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A practical not ideological approach to human rights - Straits Times


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The idea that human rights have an autonomous reality or are somehow "natural rights" is, as Jeremy Bentham said, "rhetorical nonsense - nonsense upon stilts". It is a civilising myth we choose to believe in so that we may at least occasionally live in a civilised manner. But we should not forget that beliefs are not stable; they change and they do not change in a teleological manner towards a single preordained destination.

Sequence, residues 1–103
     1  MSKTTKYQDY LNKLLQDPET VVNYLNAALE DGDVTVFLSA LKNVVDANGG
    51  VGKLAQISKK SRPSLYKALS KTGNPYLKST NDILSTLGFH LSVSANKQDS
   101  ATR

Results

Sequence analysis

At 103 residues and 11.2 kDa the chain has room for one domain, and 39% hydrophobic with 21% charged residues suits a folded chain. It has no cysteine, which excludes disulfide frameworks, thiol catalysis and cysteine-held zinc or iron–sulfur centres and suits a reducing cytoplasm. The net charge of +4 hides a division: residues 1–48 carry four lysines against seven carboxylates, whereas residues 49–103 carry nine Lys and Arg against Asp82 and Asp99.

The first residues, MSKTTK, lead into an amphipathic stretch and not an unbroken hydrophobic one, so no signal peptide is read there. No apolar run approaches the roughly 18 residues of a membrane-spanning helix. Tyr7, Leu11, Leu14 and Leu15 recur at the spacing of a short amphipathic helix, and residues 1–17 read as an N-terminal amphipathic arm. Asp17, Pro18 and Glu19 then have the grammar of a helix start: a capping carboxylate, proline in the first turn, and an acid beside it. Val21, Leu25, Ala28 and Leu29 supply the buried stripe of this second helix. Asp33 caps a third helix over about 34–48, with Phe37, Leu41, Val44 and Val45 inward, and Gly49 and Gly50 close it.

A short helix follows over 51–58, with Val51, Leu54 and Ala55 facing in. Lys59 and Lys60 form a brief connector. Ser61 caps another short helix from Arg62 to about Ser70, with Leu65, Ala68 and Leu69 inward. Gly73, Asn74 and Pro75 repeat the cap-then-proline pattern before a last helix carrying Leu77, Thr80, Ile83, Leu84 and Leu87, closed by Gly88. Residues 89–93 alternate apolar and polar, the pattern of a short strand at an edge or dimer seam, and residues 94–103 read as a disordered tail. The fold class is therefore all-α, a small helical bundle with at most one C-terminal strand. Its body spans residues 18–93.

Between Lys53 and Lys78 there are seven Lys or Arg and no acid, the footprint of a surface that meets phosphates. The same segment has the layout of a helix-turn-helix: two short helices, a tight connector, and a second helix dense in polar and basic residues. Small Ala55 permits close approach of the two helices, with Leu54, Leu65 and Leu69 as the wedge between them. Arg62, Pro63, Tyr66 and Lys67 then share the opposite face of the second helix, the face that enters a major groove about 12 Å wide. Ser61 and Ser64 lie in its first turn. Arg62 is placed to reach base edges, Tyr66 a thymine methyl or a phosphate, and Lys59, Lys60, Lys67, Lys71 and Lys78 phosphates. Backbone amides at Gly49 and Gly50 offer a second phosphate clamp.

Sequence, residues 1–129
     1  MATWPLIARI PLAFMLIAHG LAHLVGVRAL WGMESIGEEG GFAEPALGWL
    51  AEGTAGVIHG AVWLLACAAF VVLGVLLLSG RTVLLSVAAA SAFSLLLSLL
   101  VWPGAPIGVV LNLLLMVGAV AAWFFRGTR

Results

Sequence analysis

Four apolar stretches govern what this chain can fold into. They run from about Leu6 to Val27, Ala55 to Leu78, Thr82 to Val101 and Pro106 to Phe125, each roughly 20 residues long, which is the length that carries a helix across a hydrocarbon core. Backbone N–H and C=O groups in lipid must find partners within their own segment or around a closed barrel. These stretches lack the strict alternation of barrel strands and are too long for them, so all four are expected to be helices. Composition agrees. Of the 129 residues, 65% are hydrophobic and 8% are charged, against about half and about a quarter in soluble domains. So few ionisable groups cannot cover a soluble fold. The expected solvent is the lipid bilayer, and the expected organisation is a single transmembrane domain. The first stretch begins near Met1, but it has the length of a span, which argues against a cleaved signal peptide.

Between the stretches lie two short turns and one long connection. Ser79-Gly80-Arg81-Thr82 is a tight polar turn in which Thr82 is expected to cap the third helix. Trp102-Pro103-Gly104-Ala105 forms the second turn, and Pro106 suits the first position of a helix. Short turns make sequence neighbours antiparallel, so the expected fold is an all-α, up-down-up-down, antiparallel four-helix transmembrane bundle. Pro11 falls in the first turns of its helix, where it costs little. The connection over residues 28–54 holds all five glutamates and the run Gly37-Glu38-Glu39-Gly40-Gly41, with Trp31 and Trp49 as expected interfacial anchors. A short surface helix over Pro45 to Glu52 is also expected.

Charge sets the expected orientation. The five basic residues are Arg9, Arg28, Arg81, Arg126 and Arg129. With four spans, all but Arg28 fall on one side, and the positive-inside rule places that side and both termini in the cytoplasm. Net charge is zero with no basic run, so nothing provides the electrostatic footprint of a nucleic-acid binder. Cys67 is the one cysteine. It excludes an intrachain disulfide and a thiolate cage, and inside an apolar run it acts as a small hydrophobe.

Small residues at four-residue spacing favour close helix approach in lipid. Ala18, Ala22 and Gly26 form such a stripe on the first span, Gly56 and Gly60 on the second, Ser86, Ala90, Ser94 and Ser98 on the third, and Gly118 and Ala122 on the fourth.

Of course, all cultures and societies hold some values in common. But this is generally at such a high level of generality as to be practically meaningless as a guide to how specific societies or political systems actually organise themselves or even as a guide to how they ought to organise themselves. Most rights, despite a superficial consensus, are in fact essentially contested concepts, both within societies and between different countries and societies. And it is to my mind pointless to console someone deprived of the basic necessities of life that his or her civil liberties are protected. It is at best naive if not downright cynical.

It makes sense (unfortunately) that most rights are contested. 

Rights are one of the most important things to fight for. 

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